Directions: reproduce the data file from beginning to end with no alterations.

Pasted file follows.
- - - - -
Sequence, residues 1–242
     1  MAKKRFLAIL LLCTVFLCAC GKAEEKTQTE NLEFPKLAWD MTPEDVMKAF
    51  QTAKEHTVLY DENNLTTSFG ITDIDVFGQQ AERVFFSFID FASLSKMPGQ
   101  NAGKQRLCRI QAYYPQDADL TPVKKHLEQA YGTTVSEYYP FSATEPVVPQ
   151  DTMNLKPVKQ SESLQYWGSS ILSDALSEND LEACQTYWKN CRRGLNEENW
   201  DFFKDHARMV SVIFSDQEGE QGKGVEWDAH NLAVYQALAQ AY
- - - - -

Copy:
Sequence, residues 1–242
     1  MAKKRFLAIL LLCTVFLCAC GKAEEKTQTE NLEFPKLAWD MTPEDVMKAF
    51  QTAKEHTVLY DENNLTTSFG ITDIDVFGQQ AERVFFSFID FASLSKMPGQ
   101  NAGKQRLCRI QAYYPQDADL TPVKKHLEQA YGTTVSEYYP FSATEPVVPQ
   151  DTMNLKPVKQ SESLQYWGSS ILSDALSEND LEACQTYWKN CRRGLNEENW
   201  DFFKDHARMV SVIFSDQEGE QGKGVEWDAH NLAVYQALAQ AY